2. Green tea may help to boost the performance of the brain
Connectivity of the brain
Researchers have found that an extract of green tea increases the effective connectivity of the brain, which means the causal influence that one area of the brain exerts over another area. This connectivity effect also resulted in actual cognitive performance improvement. Individuals tested much better for tasks of working memory after the green tea extract was administered.1✅ JOURNAL REFERENCE
Healthy male participants consumed a soft drink that contained some green tea extract before working memory tasks were solved. The researchers then analyzed how this impacted their brain activity making use of MRI. The MRI showed an increase in connectivity between the brain’s parietal and frontal cortex.
These neuronal results correlated positively with task performance improvement. The results also reveal that green tea could increase the brain’s short-term synaptic plasticity.
Generation of brain cells
In another study, researchers have shown how green tea’s chemical properties influence the generation of brain cells, which provides benefits for spatial learning and memory. They focused on an important chemical component of green tea known as EGCG. Although EGCG is an already recognized anti-oxidant, the researchers suggested that it could also be beneficially effective against age-related degenerative diseases.2✅ JOURNAL REFERENCE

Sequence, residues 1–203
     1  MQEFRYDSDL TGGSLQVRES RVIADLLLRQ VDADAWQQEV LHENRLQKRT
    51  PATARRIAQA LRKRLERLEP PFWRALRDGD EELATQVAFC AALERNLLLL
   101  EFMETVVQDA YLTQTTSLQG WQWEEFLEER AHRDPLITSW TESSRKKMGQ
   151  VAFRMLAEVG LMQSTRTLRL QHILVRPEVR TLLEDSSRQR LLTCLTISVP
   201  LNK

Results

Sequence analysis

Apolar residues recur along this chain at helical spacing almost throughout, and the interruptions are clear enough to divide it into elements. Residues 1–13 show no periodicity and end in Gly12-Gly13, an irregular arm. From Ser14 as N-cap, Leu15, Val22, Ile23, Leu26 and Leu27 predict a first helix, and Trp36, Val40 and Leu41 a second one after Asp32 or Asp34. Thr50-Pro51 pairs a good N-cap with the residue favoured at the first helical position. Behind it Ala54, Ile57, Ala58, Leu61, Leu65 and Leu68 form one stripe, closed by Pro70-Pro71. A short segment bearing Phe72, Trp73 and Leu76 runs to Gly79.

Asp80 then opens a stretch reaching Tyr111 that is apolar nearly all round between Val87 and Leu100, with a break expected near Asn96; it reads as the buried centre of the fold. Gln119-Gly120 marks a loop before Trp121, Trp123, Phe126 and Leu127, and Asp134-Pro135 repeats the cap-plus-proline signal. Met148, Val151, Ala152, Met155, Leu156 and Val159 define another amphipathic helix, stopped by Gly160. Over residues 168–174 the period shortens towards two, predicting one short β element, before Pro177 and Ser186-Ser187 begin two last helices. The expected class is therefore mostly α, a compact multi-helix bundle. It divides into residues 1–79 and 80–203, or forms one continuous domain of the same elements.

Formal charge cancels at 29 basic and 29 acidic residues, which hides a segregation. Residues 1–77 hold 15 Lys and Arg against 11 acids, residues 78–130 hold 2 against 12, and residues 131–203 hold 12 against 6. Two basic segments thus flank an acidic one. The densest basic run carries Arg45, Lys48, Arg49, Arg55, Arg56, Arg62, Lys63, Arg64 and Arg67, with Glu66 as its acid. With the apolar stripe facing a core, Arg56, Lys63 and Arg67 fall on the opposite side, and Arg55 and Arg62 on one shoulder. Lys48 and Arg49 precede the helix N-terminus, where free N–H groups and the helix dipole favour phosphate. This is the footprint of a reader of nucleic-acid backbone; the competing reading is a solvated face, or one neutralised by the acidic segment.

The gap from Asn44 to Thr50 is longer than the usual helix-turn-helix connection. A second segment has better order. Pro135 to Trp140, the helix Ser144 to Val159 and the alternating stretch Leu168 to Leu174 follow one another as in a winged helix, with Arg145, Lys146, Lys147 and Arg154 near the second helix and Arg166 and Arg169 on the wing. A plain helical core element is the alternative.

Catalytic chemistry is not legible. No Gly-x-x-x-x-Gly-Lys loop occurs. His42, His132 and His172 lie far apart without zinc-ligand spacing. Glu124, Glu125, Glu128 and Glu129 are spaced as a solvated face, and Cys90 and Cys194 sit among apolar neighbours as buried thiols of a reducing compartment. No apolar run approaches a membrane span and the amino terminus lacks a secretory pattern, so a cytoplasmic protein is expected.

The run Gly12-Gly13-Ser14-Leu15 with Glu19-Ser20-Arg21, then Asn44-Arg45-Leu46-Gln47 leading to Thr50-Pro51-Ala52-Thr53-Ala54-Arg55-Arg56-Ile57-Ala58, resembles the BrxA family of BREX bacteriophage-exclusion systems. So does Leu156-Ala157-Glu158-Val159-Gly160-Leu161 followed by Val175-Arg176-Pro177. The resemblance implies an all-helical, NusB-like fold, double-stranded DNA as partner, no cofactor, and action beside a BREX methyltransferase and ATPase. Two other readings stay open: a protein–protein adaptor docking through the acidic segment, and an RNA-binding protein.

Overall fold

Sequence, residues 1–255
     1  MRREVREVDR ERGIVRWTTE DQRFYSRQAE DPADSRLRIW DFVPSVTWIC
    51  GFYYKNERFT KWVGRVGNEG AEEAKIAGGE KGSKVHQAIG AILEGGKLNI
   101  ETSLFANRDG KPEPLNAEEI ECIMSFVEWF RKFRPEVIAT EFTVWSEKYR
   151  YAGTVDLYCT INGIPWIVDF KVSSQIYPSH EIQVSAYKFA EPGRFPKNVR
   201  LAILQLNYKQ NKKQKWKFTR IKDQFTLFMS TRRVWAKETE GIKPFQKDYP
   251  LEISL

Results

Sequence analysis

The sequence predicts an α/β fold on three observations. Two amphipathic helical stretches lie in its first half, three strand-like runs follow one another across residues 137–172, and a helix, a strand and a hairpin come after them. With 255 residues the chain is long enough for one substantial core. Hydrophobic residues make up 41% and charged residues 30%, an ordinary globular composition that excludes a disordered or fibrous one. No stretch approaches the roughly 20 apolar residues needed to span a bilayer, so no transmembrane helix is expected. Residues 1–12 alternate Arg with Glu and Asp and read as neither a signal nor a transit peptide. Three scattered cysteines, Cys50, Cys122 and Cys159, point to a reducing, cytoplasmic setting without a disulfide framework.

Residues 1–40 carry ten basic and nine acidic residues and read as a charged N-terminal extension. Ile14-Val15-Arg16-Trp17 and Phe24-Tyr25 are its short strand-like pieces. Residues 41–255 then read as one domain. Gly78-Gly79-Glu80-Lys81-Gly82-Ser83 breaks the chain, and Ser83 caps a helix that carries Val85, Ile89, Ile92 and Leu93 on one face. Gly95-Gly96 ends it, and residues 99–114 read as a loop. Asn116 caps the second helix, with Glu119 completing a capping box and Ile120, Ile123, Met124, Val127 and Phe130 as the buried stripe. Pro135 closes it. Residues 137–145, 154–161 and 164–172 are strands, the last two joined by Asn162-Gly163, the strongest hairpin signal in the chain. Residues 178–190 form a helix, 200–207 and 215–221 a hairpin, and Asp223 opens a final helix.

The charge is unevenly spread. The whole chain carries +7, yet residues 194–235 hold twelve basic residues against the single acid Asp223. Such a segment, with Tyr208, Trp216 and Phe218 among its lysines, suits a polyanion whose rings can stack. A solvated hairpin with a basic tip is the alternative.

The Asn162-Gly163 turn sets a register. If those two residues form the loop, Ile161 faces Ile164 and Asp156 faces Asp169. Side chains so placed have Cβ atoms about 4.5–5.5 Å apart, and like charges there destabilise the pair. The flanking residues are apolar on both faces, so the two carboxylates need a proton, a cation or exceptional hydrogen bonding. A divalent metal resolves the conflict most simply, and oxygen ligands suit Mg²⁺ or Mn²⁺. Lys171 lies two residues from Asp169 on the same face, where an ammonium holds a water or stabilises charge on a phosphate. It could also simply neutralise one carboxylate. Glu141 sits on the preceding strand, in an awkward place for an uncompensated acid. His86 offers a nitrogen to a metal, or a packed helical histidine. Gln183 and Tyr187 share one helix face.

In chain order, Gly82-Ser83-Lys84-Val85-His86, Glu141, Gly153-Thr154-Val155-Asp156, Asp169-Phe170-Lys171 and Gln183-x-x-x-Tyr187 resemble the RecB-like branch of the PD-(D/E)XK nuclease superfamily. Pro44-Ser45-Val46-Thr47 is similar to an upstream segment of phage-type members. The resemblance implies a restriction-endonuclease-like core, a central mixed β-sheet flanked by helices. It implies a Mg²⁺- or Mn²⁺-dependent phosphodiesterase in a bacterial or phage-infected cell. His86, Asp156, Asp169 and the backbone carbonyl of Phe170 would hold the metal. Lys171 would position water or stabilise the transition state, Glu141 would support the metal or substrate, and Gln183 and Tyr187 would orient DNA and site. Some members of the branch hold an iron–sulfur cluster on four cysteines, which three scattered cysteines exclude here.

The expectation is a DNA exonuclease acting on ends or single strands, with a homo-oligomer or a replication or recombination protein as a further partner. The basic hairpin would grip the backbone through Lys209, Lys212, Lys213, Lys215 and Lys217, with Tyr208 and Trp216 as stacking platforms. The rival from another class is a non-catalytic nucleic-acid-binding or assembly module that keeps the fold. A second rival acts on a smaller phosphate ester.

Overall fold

The researchers suggested that cognitive function can be improved with EGCG by affecting neuron cell generation, a process called neurogenesis. They focused their research on the hippocampus, the brain area that processes short-term to long-term memory information.
They discovered that ECGC improves neural progenitor cell production, which like stem cells can adapt into a variety of cell types. They then made use of laboratory mice to find out if this increase in cell production provided an advantage to spatial learning or memory.
They administered tests on 2 groups of mice, 1 group which had consumed ECGC and a control group that did not consume ECGC. The mice first received 3 days of training to locate a visible platform in the mice’s maze. They were then trained for 7 days to locate a hidden platform. The researchers discovered that the mice that had consumed the ECGC needed less time to locate the hidden platform. The study results showed that memory and learning is enhanced with EGCG by improving spatial memory and object recognition.
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